Florida officials are voicing their concern over assessments of a possible coverage shortfall made by the state’s homeowner’s insurance provider, Citizens Property Insurance.
The insurer has enough financial resources to cover $15 billion in property damage, or what they consider a one-in-50 year hurricane event. Damages beyond that point, however, would require the insurer to levy the accounts of policyholders to offset the deficit. Considering the frequency and severity of natural disasters of late, this news has lawmakers worried over what troubles the hurricane season has in store.
Citizen’s estimates hinge on a projected surplus of $5.7 billion by the end of the year, as well as $2.9 billion in bonds and an additional $6.6 billion in rebates from the Florida Hurricane Catastrophe fund. There may be shortfall in the company’s estimates, as there are many fluctuations that can affect such projections, but officials are adamant in their belief that the $15 billion goal will be reached soundly.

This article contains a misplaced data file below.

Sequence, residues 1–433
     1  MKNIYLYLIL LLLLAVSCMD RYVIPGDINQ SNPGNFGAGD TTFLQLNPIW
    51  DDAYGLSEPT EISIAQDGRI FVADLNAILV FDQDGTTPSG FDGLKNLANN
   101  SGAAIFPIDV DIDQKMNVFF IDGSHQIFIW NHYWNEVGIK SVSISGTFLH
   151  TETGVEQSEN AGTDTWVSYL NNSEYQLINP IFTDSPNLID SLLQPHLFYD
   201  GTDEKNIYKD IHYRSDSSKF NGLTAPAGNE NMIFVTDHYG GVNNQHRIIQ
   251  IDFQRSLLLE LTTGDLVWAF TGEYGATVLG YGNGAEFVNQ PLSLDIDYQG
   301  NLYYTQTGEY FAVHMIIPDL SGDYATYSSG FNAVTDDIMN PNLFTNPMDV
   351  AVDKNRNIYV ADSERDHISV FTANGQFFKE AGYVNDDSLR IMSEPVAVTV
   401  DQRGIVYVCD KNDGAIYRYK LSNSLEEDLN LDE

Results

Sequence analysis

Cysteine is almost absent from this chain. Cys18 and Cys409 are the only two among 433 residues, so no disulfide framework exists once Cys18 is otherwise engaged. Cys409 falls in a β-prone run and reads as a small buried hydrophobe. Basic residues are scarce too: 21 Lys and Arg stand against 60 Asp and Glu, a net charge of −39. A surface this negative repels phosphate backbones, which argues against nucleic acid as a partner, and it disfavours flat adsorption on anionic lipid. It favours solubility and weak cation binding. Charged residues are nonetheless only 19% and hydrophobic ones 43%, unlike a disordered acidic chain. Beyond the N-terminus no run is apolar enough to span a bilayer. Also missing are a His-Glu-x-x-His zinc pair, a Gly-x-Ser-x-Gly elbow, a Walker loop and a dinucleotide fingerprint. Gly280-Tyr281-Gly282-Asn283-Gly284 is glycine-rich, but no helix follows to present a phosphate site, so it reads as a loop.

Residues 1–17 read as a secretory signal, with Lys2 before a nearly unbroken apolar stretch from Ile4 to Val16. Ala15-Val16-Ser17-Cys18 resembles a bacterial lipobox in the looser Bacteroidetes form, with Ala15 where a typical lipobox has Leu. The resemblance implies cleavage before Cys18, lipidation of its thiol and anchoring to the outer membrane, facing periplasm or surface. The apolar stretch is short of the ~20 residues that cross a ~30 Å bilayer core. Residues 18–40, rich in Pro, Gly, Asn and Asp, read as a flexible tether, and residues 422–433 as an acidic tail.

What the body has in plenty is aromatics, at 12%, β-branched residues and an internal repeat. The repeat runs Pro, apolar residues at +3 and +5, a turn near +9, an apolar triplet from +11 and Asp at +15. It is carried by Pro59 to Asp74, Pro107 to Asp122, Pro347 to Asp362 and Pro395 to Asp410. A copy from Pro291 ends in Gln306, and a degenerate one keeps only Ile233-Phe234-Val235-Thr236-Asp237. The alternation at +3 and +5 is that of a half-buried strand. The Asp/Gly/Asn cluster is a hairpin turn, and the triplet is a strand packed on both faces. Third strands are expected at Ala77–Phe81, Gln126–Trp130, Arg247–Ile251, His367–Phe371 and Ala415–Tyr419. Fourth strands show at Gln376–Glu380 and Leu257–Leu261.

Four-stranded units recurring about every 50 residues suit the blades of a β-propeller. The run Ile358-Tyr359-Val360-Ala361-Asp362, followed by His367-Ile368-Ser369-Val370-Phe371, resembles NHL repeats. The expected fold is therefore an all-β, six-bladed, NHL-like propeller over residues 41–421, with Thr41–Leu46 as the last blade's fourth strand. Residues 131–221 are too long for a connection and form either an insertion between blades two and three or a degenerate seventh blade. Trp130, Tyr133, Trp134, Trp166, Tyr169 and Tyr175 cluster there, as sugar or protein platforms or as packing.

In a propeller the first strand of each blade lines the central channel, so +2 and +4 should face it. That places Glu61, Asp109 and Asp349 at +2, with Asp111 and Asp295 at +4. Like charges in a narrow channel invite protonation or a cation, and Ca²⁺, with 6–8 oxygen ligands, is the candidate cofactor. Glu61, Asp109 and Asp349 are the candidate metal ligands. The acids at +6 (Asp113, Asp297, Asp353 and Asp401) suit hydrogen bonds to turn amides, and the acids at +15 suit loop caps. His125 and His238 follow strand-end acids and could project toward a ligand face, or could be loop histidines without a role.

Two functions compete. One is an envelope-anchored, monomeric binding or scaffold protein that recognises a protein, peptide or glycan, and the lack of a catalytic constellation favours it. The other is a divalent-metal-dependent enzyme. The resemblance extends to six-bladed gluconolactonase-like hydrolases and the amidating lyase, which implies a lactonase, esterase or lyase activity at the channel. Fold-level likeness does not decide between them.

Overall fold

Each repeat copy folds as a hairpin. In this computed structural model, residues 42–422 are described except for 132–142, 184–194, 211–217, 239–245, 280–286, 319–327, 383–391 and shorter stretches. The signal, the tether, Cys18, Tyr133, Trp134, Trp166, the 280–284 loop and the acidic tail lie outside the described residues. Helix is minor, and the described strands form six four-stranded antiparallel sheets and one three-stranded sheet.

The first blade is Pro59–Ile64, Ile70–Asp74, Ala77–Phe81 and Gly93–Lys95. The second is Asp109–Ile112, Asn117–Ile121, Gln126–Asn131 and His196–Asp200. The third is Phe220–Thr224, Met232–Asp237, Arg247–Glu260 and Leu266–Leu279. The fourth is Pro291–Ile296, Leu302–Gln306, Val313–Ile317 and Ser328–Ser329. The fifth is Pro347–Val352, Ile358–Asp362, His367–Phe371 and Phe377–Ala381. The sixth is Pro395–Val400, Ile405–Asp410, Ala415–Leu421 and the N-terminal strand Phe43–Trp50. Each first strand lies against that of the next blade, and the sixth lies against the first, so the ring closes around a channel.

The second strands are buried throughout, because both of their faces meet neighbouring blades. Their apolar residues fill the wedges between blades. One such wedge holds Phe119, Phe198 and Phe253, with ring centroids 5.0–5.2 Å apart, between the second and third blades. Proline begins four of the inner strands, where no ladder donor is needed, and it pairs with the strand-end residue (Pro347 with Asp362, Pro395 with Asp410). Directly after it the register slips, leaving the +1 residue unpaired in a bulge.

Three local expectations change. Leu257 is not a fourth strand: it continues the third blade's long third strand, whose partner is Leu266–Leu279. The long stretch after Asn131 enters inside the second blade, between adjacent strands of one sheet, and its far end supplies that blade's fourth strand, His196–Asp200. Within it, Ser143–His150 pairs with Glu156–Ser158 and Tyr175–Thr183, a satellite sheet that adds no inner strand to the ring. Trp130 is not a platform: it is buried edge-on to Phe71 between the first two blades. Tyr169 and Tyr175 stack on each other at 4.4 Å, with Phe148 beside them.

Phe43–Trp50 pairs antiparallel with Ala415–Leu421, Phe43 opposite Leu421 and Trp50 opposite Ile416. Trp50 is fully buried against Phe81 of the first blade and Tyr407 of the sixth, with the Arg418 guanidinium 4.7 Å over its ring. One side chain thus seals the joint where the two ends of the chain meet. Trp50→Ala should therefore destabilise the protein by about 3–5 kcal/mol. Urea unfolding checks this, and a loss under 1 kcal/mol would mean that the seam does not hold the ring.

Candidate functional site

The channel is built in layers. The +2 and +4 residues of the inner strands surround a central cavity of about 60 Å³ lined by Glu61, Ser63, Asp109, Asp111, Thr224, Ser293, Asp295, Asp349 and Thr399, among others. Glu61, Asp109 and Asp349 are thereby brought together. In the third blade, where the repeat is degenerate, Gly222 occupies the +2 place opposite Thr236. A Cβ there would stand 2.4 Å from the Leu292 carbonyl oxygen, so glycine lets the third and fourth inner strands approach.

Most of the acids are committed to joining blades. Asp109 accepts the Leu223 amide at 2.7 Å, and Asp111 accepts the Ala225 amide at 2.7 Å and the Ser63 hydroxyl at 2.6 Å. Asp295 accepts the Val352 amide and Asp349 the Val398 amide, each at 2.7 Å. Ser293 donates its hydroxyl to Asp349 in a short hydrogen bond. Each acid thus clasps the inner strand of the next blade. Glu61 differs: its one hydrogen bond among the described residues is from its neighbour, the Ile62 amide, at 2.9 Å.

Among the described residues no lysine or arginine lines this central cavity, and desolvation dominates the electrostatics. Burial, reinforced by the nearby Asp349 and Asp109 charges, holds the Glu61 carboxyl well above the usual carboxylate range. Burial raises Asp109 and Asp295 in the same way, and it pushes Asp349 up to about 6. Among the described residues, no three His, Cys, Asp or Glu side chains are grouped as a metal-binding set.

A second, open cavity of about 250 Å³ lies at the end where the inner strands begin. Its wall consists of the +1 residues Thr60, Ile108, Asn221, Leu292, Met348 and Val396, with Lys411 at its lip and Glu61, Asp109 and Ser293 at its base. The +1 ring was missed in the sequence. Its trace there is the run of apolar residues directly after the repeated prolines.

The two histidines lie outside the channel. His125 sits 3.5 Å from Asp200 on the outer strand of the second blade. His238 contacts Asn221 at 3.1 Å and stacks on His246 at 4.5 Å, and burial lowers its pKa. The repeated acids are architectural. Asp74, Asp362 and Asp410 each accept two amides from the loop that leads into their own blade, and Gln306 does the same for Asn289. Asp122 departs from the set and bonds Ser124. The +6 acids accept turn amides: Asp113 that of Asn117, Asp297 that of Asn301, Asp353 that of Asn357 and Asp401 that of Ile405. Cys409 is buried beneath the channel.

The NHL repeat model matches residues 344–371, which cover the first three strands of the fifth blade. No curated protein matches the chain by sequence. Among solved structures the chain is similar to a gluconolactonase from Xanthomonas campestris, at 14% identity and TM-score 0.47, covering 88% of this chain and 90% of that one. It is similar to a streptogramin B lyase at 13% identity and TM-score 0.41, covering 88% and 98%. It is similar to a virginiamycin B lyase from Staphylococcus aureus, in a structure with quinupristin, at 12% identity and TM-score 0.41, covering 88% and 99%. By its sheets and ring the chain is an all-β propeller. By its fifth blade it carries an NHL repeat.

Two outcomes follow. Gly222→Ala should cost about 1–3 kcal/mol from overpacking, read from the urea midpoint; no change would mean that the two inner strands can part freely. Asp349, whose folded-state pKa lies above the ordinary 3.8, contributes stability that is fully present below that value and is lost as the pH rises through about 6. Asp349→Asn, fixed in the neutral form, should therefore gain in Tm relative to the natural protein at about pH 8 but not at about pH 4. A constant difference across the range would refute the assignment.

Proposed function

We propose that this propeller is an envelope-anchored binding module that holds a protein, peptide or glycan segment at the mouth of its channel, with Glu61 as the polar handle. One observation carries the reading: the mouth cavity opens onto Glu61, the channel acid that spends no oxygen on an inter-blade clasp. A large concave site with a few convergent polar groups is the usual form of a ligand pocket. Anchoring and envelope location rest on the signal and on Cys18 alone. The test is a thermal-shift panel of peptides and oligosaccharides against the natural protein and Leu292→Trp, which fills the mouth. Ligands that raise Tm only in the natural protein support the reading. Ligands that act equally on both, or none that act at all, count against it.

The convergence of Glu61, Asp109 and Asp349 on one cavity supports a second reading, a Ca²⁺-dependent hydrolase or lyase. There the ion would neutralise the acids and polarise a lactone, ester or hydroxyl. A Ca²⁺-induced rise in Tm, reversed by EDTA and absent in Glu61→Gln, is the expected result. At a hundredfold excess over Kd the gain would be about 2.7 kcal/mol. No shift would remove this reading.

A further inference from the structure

Should the insurer incur any deficit, policyholders will be called upon to help bear the financial burden in the form of a 15% surcharge levied against their account. If a customer owns more than one account, the surcharge will be applied to their additional policies up to 45% of their combined premiums.
Florida’s Legislature has long believed that residents of the state should take a more active role in shouldering the finances of the state-backed insurance company. However, lawmakers had hoped that the issue would be resolved through legislative means rather than the urgency inherent with the hurricane season.
In the case of a severe hurricane, it is unlikely that Citizen’s will be able to bear the brunt of the financial impact. While the company would not be put out of business by the disaster, thanks to growth in recent years, policyholders would have to expect higher rates along with account surcharges.